Sent: 14 January 2021 20:46
To: synchronome1@groups.io
Subject: [synchronomeelectricclock] Synchronome battery life

 

My Synchronome #2054 ran for 45 days before latch failed to reset. Setup is transmitter and pilot at 11.5 ohms running at nominal 3 volts and 280mA from 2 Energizer Max D batteries. Thought it might do better, how do others get on with running on a small battery pack? 

Since Christmas week clock temperature has been dropping to 1.5C degrees overnight and not much warmer in the day against previous temperature around 12C. I expected the daily loss rate would be reduced as length of pendulum reduced but loss actually increased (from -2.5 to -3.5 per day). Maybe the cast iron bob is contracting more and increasing the overall length or is something else going on?

Not much showing on the forum so thought I might post my casual observations! 
All the best for 2021
Howard


Re: Synchronome battery life

John Hubert
 

I can’t comment on power consumption as I run several clocks from a float charged battery (multiple C sized NiMH cells - now about 15 years old) - but 280 mA is on the low side for a Synchronome.  300 - 330 mA is more usual.  Low temperature will reduce battery capacity, though I don’t know by how much, and will also increase internal resistance, but I doubt this would be significant at approx 300 mA.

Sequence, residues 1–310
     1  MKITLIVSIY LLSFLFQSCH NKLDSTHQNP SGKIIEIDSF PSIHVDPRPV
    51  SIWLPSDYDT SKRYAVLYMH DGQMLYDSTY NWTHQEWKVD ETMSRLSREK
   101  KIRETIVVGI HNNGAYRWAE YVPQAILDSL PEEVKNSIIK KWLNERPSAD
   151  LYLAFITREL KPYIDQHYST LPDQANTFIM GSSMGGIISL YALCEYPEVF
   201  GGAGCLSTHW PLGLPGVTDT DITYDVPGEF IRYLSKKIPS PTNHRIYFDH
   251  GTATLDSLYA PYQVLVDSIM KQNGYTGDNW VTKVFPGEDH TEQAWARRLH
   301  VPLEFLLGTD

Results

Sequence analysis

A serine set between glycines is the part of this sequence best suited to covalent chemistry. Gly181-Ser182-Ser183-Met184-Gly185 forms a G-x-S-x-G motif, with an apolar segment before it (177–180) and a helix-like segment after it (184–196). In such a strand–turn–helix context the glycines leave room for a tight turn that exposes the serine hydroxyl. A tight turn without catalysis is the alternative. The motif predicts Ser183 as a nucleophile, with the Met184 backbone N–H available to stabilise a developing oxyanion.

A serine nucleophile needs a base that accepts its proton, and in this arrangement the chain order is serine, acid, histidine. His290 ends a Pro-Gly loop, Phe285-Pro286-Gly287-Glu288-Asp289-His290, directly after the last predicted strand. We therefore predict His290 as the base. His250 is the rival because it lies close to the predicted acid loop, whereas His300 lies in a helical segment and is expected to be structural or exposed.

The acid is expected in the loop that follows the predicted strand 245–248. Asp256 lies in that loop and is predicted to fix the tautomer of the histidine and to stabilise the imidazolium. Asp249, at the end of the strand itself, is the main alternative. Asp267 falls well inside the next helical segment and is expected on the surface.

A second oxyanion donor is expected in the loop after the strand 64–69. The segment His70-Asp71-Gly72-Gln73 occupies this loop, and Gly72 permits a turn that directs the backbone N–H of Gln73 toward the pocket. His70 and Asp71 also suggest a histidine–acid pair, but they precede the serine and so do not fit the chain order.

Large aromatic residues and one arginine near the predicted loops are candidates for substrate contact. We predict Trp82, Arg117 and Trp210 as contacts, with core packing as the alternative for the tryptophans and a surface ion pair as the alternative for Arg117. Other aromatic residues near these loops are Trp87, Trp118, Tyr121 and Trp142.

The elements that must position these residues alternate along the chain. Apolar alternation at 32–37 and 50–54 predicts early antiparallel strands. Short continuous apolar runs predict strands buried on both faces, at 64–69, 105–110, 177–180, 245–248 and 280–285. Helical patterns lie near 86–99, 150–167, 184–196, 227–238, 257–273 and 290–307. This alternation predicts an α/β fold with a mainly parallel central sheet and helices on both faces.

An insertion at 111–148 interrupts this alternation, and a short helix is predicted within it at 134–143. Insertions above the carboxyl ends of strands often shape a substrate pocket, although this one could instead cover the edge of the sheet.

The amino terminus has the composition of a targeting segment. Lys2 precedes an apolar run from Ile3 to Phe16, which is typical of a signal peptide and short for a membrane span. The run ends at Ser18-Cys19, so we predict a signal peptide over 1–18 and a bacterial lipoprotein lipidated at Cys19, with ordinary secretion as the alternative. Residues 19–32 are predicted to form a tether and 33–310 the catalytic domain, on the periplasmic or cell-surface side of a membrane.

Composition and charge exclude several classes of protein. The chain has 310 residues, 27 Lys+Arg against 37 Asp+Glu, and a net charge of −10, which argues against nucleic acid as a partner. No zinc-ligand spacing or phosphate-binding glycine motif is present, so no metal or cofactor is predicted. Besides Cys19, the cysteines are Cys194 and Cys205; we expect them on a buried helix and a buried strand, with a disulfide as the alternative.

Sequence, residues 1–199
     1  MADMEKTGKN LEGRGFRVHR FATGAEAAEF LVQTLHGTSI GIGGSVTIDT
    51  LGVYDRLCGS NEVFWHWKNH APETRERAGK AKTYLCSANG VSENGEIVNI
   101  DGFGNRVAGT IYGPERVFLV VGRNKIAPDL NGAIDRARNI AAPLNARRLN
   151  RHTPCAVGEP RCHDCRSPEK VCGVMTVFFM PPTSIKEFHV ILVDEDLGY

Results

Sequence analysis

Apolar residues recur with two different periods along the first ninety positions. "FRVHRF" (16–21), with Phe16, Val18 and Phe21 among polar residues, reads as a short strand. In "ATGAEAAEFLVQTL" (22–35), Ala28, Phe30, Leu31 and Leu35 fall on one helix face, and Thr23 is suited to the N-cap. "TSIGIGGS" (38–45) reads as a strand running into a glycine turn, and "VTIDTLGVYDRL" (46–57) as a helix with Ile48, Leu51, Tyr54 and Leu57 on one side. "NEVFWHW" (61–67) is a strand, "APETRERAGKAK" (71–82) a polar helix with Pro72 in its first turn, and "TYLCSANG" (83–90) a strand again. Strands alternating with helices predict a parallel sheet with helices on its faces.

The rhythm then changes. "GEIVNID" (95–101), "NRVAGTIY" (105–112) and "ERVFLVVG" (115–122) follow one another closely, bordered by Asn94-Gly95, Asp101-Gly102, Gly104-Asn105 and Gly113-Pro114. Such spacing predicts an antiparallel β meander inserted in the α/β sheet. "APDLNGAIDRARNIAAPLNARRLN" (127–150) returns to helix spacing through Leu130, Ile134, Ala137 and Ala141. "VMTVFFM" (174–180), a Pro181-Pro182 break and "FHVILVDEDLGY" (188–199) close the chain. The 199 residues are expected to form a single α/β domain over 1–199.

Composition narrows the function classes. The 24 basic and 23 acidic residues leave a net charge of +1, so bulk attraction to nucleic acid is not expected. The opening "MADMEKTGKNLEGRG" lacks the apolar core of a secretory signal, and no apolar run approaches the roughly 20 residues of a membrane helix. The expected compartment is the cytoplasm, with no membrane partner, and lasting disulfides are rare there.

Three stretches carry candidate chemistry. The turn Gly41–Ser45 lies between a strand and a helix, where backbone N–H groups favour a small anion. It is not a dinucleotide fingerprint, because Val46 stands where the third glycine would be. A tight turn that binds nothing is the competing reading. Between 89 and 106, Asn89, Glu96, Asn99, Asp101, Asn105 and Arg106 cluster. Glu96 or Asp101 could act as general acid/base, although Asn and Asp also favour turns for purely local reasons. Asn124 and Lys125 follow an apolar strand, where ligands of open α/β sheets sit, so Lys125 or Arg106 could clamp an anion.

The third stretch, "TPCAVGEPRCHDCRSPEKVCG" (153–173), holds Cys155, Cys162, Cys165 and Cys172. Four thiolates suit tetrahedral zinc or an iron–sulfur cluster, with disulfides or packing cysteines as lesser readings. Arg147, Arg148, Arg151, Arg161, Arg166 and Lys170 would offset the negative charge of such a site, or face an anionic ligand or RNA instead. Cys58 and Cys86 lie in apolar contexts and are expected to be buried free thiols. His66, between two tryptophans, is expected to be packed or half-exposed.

The rod is Invar, which has a very low temperature coefficient of expansion.  The iron bob will have a much higher coefficient of expansion.  Atmospheric pressure is also a factor.  

My own Synchronome sits in a relatively constant temperature and has a lead bob.  Variation (per day) is low with temperature change, typically 10 degrees Fahrenheit fall increases the clock ‘rate’ from approx 0 seconds per day to +0.3 second per day, but this is a very approximate measurement by simple visual observation against a Junghans radio controlled clock as reference (and averaged over a week rolling average).

John

On 14 Jan 2021, at 20:45, bailey.services via groups.io <bailey.services@...> wrote:

My Synchronome #2054 ran for 45 days before latch failed to reset. Setup is transmitter and pilot at 11.5 ohms running at nominal 3 volts and 280mA from 2 Energizer Max D batteries. Thought it might do better, how do others get on with running on a small battery pack? 

Since Christmas week clock temperature has been dropping to 1.5C degrees overnight and not much warmer in the day against previous temperature around 12C. I expected the daily loss rate would be reduced as length of pendulum reduced but loss actually increased (from -2.5 to -3.5 per day). Maybe the cast iron bob is contracting more and increasing the overall length or is something else going on?